For other countless like-minded Malaysians, you are our Malaysia’s very own Martin Luther King Jr.

    For that we salute you. Come another 50 years, your Malaysian dream lives on!!

    Thank you

  20. #20 by undergrad2 on Saturday, 25 August 2007 - 6:41 am

    Hello Kit,

    I think you’re being too tactful and diplomatic!

    You’re playing their game. It is time Malaysians and leaders like yourself be brave (go for broke, if you will) and take the bull by the horns – call a spade a spade!

    It is people power or no power!

  21. #21 by undergrad2 on Saturday, 25 August 2007 - 6:43 am

    I will fly home to vote for anything that moves – anything but BN. I am sick of the way things are.

  22. #22 by Libra2 on Saturday, 25 August 2007 - 11:33 am

    The Chinese and the Indians led by MCA and MIC respectively chose to be sidelines to the periphery and allowed the Malays led by UMNO to move into the mainstream.
    If the non Malays had not given in so meekly to the unreasonable demands , we wouldn’t be in this state.
    Blame the Chinese and the Indians who had chosen to be in the periphery in return for positions in the cabinet and some crumbs from UMNO’s table.
    The camel has moved into the tent. Now who can drive it out.

  23. #23 by AhPek on Saturday, 25 August 2007 - 4:20 pm

    Much as I admire you YB Lim for your undying love for this country,your unyielding efforts in your fight for fair play for Malaysians regardless of ethnicity and your strong conviction of a Malaysian Malaysia and not a Malaysia for the Chinese nor a Malaysia for the Kadazans nor a Malaysia for the Ibans nor a Malaysia for the Malays nor a Malaysia for the Indians nor a Malaysia for the Dayaks but a Malaysia for the MALASIANS, I have to fault you for not going the extra mile to get in more Malays into the party to make it the party that DAP professes to be.DAP is first and foremost MALAYSIAN. Right now it is being perceived as a CHINESE PARTY.
    The demography of Malaysia has changed dramatically over the last 50 years — in part due to fertility,in part due to the policy of the ultra UMNOPUTRAS in taking in large numbers of Indonesians and in recent times large number of Filipino muslims into Sabah for election purposes,in part due to migration of Malaysians to new homelands.The other factor is the gerrymandering that TDM did during his 22years in power to ensure Malay rule forever.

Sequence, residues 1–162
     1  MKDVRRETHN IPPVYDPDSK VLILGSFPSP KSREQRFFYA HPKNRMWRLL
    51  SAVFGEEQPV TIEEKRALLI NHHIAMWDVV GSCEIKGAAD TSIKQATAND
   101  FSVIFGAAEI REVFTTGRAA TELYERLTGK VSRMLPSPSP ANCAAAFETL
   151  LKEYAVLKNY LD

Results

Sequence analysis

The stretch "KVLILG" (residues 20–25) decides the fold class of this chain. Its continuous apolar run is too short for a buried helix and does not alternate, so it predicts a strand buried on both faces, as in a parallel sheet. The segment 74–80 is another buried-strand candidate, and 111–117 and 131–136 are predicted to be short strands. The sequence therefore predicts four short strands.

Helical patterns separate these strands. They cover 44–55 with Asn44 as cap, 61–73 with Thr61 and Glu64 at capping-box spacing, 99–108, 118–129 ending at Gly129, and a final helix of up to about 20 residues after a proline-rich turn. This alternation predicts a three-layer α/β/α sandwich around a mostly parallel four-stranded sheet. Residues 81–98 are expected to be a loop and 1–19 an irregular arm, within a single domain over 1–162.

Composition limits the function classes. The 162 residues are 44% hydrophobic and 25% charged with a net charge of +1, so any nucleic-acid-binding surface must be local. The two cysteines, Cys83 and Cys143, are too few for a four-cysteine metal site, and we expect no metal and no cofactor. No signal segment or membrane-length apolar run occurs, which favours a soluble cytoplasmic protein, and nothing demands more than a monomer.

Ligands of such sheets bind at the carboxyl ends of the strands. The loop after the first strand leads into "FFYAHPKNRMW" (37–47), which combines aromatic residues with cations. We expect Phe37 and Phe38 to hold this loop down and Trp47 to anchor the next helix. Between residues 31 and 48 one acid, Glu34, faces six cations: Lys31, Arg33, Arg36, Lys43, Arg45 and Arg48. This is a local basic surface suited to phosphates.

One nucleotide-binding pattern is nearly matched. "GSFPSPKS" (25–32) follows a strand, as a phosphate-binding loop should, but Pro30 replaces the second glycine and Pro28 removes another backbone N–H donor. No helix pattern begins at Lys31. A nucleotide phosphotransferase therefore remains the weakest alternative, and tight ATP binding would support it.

The first premise is that this rot that we’re mired in for such a long time must end. We must not be in shit street without a shovel so to speak.Therefore we should not talk about denying two thirds majority,we must talk about regime change.To do that DAP must join forces with PKR, PAS and any other party from Sabah and Sarawak.We know you have big problems associated with forming a pact with PAS. Your last venture was a disaster with both you and Karpal Singh being kicked out unceremoniously by those short sighted Chinese in Penang in spite of the fact that you have explained and given one strong reason for the pact…to deny two thirds majority to this racist BN coalition.If PAS still insist on forming an islamic state then maybe some kind of loose pact may be worked out.Look, let’s face it, between UMNO and PAS,I’ll say PAS is the lesser evil for they are not strong compared to UMNO in terms of financial power and their influence is not that widespread.They can also never be able to form a government on its own.Meantime you should go all out to attract moderate Malays who are interested in a Malaysia for everybody and I believe there is a substantial number out there too.This must be one of the top agenda on DAP’s wish list.
    Regime change is not going to happen if DAP is not going to work harder to make DAP Malaysian,no use saying it is Malaysian.YB LIM, from your speeches made, we know you have great intellect and you definitely have a thing or two on how this country should be run.But that’s not enough if you can’t turn DAP Malaysian.By turning DAP MAlaysian we’ll then see the dawn of a new Malaysia where every Malaysian will have a place under the Malaysian sun.